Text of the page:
It may seem relatively quiet on the cybersecurity front these days, and in some ways, it is. There are no new reports of breaches at the National Security Agency or the federal government’s Office of Personnel Management, and, happily, no other major credit reporting agency has followed in the footsteps of Equifax as a victim of a devastating breach – one that last year exposed sensitive information on 143 million Americans.
Headline-grabbing breaches alone, however, hardly provide a complete picture of the state of cybersecurity affairs.
Most important is the progress of work being done to block future breaches, and this seems to be non-existent. The federal government has never done a good job managing cybersecurity. And now it has apparently abandoned the crucial goal of improving cybersecurity defenses. In fact, they are weakening.
Proof point No. 1 is President Trump’s cybersecurity executive order (EO), announced 16 months ago. Remember that? Amid lots of fanfare, it mandated a review of U.S. cybersecurity capabilities and, among other things, put responsibility for cybersecurity risk on the heads of federal agencies. It also required status reports on the security of critical national infrastructure. Reports from the federal agencies were due in 90 days and those related to infrastructure in 180 days.
It has become clear, however, that the Trump administration has failed to complete many of the provisions of the EO in many of the various reports required.
The incompetence doesn’t stop here, either. Four months ago, the White House eliminated the position of cybersecurity coordinator on the National Security Council, thereby eliminating a post central to developing federal cybersecurity policy.
Still No Federal Cybersecurity Plan
With November mid-term Congressional elections only weeks away, the White House still has not presented a coherent plan to protect election systems. It’s well-known that hackers with Kremlin ties attacked the computer systems of Democratic officials and spread misinformation on social media before and after the 2016 presidential election. Today, many states remain highly vulnerable to Russian hackers as the elections approach. What is the Trump administration waiting for?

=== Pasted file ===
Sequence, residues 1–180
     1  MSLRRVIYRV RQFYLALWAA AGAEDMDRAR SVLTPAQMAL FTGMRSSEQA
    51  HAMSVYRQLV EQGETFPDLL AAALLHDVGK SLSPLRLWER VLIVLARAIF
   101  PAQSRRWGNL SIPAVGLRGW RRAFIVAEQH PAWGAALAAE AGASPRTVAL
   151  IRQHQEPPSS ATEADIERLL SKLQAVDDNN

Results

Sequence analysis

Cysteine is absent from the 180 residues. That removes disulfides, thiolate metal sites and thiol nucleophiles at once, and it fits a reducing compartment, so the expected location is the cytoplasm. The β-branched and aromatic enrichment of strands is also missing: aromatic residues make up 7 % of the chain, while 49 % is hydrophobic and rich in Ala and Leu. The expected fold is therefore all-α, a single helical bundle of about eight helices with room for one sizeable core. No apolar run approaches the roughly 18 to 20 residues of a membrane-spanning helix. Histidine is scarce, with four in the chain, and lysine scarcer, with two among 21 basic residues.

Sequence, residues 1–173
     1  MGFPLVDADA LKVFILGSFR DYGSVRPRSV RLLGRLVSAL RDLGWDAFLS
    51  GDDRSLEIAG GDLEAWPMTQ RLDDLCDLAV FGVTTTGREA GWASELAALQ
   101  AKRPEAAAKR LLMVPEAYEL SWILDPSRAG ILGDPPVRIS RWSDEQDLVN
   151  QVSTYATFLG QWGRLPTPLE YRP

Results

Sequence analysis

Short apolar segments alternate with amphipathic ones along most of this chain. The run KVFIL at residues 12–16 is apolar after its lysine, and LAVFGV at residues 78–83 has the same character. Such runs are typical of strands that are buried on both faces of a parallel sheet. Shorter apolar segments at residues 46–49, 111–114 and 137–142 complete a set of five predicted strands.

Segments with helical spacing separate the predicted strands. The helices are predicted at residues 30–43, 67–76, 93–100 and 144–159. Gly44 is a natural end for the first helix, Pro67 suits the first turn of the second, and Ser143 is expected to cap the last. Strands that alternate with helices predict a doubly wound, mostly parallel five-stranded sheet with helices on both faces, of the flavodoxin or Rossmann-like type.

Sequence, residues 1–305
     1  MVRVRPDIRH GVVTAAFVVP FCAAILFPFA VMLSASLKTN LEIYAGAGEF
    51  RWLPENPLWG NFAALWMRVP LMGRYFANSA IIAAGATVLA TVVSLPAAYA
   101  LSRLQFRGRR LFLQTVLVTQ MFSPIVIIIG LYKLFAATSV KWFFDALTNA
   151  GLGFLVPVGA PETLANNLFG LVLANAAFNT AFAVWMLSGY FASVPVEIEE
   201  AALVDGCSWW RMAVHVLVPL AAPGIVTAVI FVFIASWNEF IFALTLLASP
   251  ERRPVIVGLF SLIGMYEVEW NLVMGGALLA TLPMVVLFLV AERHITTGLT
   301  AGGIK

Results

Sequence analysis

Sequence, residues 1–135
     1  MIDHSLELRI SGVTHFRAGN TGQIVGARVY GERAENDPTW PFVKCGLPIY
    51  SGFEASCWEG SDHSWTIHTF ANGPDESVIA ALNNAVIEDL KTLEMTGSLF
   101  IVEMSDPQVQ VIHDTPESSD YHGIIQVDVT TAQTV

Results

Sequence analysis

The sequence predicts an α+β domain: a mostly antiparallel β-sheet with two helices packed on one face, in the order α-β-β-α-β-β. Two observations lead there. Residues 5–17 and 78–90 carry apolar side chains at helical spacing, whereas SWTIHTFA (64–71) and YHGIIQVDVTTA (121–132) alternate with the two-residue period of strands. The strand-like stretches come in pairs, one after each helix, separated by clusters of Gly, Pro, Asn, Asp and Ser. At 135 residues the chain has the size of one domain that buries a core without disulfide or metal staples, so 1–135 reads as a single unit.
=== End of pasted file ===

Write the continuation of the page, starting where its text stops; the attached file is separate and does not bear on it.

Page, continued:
Deteriorating focus on cybersecurity is both a global and national security imperative, and the cyber domain is in route to becoming a hotbed of economic warfare. All this negligence makes everybody less safe.
In addition, it is highly embarrassing that other major global players are moving forward while the U.S. is falling increasingly behind.
Earlier this year, for example, the World Economic Forum announced a new Global Center for Cybersecurity in an effort to safeguard the world from hackers and protect against rogue nation-states. The goal of the center is to create a safe and secure global cyberspace, allowing collaboration among governments, businesses, law enforcement agencies and cyber experts to better protect against cyber attacks.
A few months later, Europe implemented the General Data Protection Regulation (GDPR), requiring businesses to protect the personal data and privacy of European Union citizens in transactions that occur within EU member states. Penalties for non-compliance are severe.
Stunning Report Card from OMB
Back on the home front, meanwhile, a recent report by the White House’s Office of Management and Budget (OMB) reinforces the dire need for change across dozens of agencies. Among the 96 federal agencies it assessed four months ago, it deemed 74% either “At Risk” or “High Risk,” which means that crucial and immediate improvements are required.
Not only are so many agencies vulnerable, but more than half lack even the ability to determine what cybersecurity software runs on their systems. And the OMB says that only one in four agencies could confirm the capability to detect and investigate signs of a data breach. So most agencies are essentially flying blind.